Only Umatac yet to reach impervious surface level - KUAM.com-KUAM News: On Air. Online. On Demand.

Only Umatac yet to reach impervious surface level

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by Krystal Paco

Guam - Impervious surfaces, or artificial structures covered by impenetrable materials like asphalt and concrete, are sealing the soil surface and eliminating rainwater infiltration. According to Natural Resources Conservation Service assistant director Bart Lawrence, Guam residents should be concerned because factors including the military buildup are urbanizing Guam's villages.

What were once green or open spaces are being converted to concrete. He explained, "There's development occurring in my village of Kanada, Barrigada, for example - houses are being built up so I've noticed over the six years I've been there, the increase in the flooding that occurs down the center of my driveway as development occurs upstream of my house."

"So you get more concentrated rainwater rushing off instead of getting soaked into the ground," he continued.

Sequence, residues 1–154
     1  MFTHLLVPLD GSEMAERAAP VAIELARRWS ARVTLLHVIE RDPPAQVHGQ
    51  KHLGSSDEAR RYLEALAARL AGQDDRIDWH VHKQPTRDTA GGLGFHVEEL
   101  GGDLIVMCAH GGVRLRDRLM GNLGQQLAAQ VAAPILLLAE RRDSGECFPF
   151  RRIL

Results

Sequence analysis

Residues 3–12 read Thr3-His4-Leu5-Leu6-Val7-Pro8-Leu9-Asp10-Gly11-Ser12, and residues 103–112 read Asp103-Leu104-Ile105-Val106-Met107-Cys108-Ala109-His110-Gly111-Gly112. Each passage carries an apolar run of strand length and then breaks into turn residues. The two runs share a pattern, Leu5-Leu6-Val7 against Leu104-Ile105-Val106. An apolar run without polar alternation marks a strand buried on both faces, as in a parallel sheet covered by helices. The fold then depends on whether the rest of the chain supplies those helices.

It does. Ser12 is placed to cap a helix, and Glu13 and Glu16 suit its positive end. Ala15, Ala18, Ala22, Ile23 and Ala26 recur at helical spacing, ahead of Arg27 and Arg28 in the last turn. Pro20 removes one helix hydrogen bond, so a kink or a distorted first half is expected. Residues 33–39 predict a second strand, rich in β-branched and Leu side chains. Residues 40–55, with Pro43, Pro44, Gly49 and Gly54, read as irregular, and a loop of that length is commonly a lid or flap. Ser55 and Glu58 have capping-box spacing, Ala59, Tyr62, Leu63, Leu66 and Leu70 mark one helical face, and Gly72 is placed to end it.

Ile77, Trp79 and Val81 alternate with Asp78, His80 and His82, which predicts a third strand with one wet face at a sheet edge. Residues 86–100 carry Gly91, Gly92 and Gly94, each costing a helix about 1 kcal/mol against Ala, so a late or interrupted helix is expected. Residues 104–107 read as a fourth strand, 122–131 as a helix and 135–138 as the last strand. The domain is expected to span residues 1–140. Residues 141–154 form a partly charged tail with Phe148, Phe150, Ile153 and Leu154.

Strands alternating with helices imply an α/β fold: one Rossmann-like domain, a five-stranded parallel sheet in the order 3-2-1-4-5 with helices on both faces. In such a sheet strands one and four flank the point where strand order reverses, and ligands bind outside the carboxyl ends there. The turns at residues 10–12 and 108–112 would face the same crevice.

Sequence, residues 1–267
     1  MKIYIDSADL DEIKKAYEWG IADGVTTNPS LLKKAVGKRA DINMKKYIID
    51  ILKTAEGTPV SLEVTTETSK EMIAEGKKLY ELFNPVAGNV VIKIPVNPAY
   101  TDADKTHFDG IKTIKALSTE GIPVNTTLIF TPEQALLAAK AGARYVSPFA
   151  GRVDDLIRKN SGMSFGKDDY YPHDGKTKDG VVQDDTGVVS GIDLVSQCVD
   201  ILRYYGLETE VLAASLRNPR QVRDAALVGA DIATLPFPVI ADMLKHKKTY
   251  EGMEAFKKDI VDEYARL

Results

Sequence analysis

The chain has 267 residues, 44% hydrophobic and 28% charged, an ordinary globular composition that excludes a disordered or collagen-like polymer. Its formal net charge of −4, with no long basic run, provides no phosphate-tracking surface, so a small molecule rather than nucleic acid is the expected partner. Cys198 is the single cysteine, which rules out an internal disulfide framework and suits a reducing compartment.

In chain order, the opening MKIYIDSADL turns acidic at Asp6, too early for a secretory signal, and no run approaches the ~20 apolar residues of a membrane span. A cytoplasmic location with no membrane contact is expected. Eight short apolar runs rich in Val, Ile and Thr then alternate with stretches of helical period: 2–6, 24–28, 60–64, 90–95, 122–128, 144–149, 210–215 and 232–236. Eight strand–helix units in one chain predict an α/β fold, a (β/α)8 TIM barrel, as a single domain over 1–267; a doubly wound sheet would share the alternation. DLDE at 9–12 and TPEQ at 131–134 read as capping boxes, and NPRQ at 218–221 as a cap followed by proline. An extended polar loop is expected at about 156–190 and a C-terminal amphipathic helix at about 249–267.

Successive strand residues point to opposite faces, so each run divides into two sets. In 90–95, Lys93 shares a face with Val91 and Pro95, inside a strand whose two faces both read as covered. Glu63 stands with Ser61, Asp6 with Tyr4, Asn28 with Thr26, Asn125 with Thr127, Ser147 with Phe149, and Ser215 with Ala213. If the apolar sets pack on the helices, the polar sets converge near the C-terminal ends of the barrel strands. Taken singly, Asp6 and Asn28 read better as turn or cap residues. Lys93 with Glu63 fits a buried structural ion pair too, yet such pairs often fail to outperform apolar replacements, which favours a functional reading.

According to a NRCS Trigger Report, Umatac is the only village that has yet to reach its benchmark for impervious surfaces. Measuring impervious surfaces is a telling parameter to quantify and track terrestrial ecosystem impact. NCRS is looking to work with the public to address these storm water issues.

Said Lawrence, "Our goal is to partner and provide technical assistance for our local partners and private landowners, we're a non-regulatory agency - we work with private landowners to deliver USDA programs."

Private landowners can do their part by using lawnmowers instead of bushcutters. "The more grass you have there, the more rainwater it can soak up before it hits the bare dirt, and so no soil will wash away. The more cover you keep on the ground, the better the water will be," he said.

For more information, call Lawrence at 300-8576 or visit WWW.NRCS.USDA.GOV

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